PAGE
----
Art and science at 4-H Great Lakes and Natural Resources Camp

Nature art and science education at 4-H Great Lakes and Natural Resources Camp inspires creativity, cultural awareness and emotional wellness for youth.

An animal made out of natural objects such as leaves, pinecones, pine needles, shells and flowers.
Ephemeral art on the beach at 2022 GLNRC. Photo credit: Janis Brinn

Each year, youth at the Michigan State University (MSU) Extension 4-H Great Lakes and Natural Resources Camp (GLNRC), held at Camp Chickagami in Presque Isle, participate in many exploration activities. On beautiful Lake Huron, youth experience fun summer activities like sailing, snorkeling, fishing (off the dock or on a charter boat), and night hikes, as well as exploring Great Lakes ecosystems and learning about stewardship of natural resources. In addition to increasing their education, nature art and science at 4-H GLNRC can inspire creativity, cultural awareness and emotional wellness for youth. After years of the COVID-19 pandemic, the 2022 GLRNC nature arts and crafts had emotional benefits as well.

Everyone has mental and emotional health, just like we all have physical health. Emotional wellness is when we are intentional in practicing the ability to successfully manage stress, adapt to change, and advance through challenging times. Mindfulness is a technique that offers a calming effect while encouraging people to slow down and pay attention to details and feelings. Emotional wellness is a benefit to being mindful and the outdoors is the perfect setting for this to take place. Mindfulness practices can be connected to the outdoors as we explore natural resources through ephemeral art. When art meets nature, we have the ability to be mindful with the use of materials such as rocks, leaves, wood, and water. At GLNRC, participants enjoyed ephemeral art projects and learned how to implement this activity into other settings.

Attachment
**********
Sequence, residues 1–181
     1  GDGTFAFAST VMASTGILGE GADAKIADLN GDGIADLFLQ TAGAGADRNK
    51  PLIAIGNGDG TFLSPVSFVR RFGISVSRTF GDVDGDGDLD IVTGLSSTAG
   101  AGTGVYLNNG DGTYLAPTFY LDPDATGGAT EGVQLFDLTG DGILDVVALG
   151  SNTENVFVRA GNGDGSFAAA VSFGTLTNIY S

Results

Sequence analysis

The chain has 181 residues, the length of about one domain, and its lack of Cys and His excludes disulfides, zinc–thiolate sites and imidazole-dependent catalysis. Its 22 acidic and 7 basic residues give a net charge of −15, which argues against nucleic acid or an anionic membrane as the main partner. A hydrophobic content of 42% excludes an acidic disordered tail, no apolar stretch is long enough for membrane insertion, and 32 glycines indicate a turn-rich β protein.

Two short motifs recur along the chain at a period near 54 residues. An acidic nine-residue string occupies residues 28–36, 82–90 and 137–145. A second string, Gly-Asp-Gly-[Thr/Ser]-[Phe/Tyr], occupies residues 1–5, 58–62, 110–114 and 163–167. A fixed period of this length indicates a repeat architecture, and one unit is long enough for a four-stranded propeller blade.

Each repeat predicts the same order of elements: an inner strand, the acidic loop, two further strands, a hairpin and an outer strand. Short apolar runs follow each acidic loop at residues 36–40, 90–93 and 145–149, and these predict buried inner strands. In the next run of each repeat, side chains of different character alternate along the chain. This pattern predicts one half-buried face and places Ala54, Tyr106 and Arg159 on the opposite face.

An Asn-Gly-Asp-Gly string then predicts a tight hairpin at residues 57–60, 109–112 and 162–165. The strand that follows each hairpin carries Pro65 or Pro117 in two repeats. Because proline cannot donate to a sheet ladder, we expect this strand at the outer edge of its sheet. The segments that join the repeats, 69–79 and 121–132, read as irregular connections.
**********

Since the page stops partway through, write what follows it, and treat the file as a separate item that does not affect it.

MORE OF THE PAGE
Youth at 2022 GLNRC creating their art
Youth at 2022 GLNRC creating their art

Ephemeral art is something short-lived; it is meant to be perishable and not leave a lasting physical impact. Students who took this class studied examples from Hannah Bullen-Ryner and then had facilitated discussions about creating their own artwork.  Points to consider when creating ephemeral art:

  • What can be used to make the art? Some students used only found objects from nature, while others liked the addition of man-made objects. Several others debated whether the found objects could be altered. Students discussed the message that they wanted to convey; bringing awareness to trash in nature, finding beauty where others just see ugliness and more.
  • Where should you place the artwork? Some students created their artwork in a high-traffic area where lots of people would see it but knowing that it would likely be destroyed sooner. Others chose out of the way spaces, thinking that their art might last longer but fewer people might see it. This also prompted a conversation about how to create art in public spaces. Is it ok to take up space that others would normally use? Is it ok to ask others to adjust their behavior to accommodate the art (i.e., walk around it)?
  • How do you feel about the temporary nature of your art? Some students had a very strong reaction to the idea that their art will at some point disappear, so it was helpful to acknowledge and explore those emotions. It felt discouraging to spend time on creating something, only to think about how short-lived it might be. For others, the ephemeral nature of the piece gave them a sense of freedom; it didn’t need to be perfect because the wind might blow it all away, anyway. Some chose to photograph their creations as a memory to reflect upon when they were out enjoying nature and its beauty, tranquility and calmness. 

Ephemeral art is something short-lived; yet the emotional wellness benefit to being mindful in the outdoors will last a long time with the youth that participated. For others who want to explore the health benefits of art, consider attending the Michigan 4-H Creative Arts Celebration! (formerly Visual Arts, Crafts, Sewing and Textiles Workshop). This popular overnight workshop is focusing on the health benefits of the arts. Participants (4-H youth ages 13-19 and adult volunteer leaders) will be learning new things, making new friends, putting their creativity to work, and having a fabulous time! This event will take place November 11-13;  register by Oct. 28. A similar ephemeral art with the photography session will be offered. 

Painted rocks
Photo by Kea Norrell-Aitch

For more information about 4-H learning opportunities and other 4-H programs, contact your local MSU Extension county office. Join a Michigan 4-H club, which has many 4-H science programming areas to explore as youth scientists impact our future. Science is everywhere; explore nature this summer and bring out the scientist in you!

Did you find this article useful?